Some of Lowell’s best-known poems include “For the Union Dead” (1964) which was published in a collection of the same name. In it, he reflects on his childhood, the American Civil War, and the Civil Rights movement. “Skunk Hour” (1958) was included in his collection Life Studies. The poem is a prime example of confessional poetry. His poetry evolved throughout his lifetime, going back and forth between strict formalism and free verse. His collection, Notebook (1970), mainly consisted of sonnets, such as “The Charles River.”

    Take a look at "Skunk Hour." What aspects of the poem strike you as particularly 'confessional?' Do you think confessional poetry is an appropriate label for this kind of poetry?

    Robert Lowell’s Writing Style

    Lowell’s writing style underwent massive changes throughout his career. His earlier poetry is characterized by its formalistic qualities. His relationship with poet Allen Tate led to much of his first few poetry collections being influenced by the New Criticism school of poetry. This meant that his poetry was aimed to be self-referential, in that all one needs to understand the meaning of the poem is the poem itself.

    The publication of Life Studies (1960) marks a divergence in Lowell’s poetry and would become one of the most important publications in the history of American poetry. The subject matter was deeply personal about Lowell’s life, relationships, and struggle with mental illness. Rather than using the extremely formalistic structures of his previous poetry, Lowell employed free verse in addition to instances of metered verse. It is considered one of the first examples of confessional poetry. Lowell’s time as a professor would also lead to him mentoring many poets who would go on to lead the American confessional poetry movement, such as Anne Sexton and Sylvia Plath.

    Confessional poetry was a poetic movement that began in the mid-20th-century. Confessional poetry is characterized by its extremely personal, individual subject matter. Rather than write about grand ideas that are applicable to many different people, confessional poets drew from their own specific experiences.

    Here is an excerpt from Lowell's poem "Home After Three Months Away" (1976).

    Though I am forty-one,

    not forty now, the time I put away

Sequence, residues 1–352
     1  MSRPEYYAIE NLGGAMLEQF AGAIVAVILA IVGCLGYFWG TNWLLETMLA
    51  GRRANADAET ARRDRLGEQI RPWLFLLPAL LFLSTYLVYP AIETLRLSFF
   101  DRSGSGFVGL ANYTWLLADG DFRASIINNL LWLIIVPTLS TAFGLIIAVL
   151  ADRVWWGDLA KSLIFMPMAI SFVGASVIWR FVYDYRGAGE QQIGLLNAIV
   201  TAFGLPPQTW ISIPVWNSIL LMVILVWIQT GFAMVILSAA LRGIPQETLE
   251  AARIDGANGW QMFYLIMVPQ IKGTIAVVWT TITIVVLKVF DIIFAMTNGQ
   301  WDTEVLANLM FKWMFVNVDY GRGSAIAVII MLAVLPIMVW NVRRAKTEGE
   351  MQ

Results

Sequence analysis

was child's play.

    ....

    I keep no rank nor station.

    Cured, I am frizzled, stale and small." (17-19, 39-40).

    These lines from the poem illustrate the intensely personal nature of the events and feelings that Lowell recalls. The poem covers the time that he returned home after spending time in a mental hospital, and the changes that both he, his family, and the world outside underwent.

    Robert Lowell, Robert Gould Shaw Memorial, StudySmarterFig. 3- The Robert Gould Shaw Memorial in Boston Commons inspired Lowell's poem "For the Union Dead."

    For the Union Dead expanded upon Life Studies. Many of the poems were still personal in nature while also addressing themes regarding history, Civil Rights, and the changes that modern Americans underwent. In the late 1960s, Lowell returned to the formal structures and metered verse that he had written extensively in his earlier collections. In the 70s, he began publishing many sonnets, some of which had been written many years prior to their publication.

    Robert Lowell - Key Takeaways

    • Robert Lowell (1917-1977) was an American poet who was incredibly influential in the 20th-century.
    • Lowell is credited with beginning what would become the confessional poetry movement; confessional poetry that focuses on the poet's own personal experiences.
    • Lowell wrote extensively about his personal relationships with his wives, his struggles with mental illness, and modern history.
    • He was awarded numerous accolades throughout his lifetime, including multiple Pulitzer Prize awards for his work in poetry.
    • Lowell's poetry underwent significant changes throughout his career as he went back and forth between extremely formalist poetry and very free verse, structureless poetry.
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    Frequently Asked Questions about Robert Lowell

    What was Robert Lowell known for?

    Robert Lowell (1917-1977) was an American poet known for his incredibly influential poetry, in particular his collection entitled Life Studies (1960). With its publication, Lowell began what would become the confessional movement in poetry in the United States.

    Is Amy Lowell related to Robert Lowell?

    Amy Lowell and Robert Lowell were cousins. They came from a prominent New England Bostonian family, and Robert Lowell was able to trace his ancestry back to a passenger aboard the Mayflower.

    What is the setting of Robert Lowell's poem "For the Union Dead?"

    He was in Boston Common, a park in the center of Boston when he wrote and set the poem. There is a memorial for Robert Gould Shaw, who led an all-black regiment during the Civil War. The poem takes place within this setting.

    What kind of poet was Robert Lowell?

    Lowell wrote many different kinds of poems throughout his lifetime. He went from writing poems with extreme formal structure to personal, confessional poetry in free verse. His later poetry returned to these formalist characteristics and he published many sonnets in his later years.

    What are Robert Lowell's famous quotes?

    Lowell has many famous quotations and poems. One of his most frequently-quoted poems is "For the Union Dead," particularly the last stanza. It reads: "The Aquarium is gone. Everywhere,/giant finned cars nose forward like fish;/a savage servility/slides by on grease" (61-64).

    Test your knowledge with multiple choice flashcards

    Robert Lowell's poetry is credited with having started what poetic movement in America?

    Robert Lowell spent time living on the lawn of which fellow poet and mentor?

    True or False: All of Robert Lowell's poetry was written as free verse.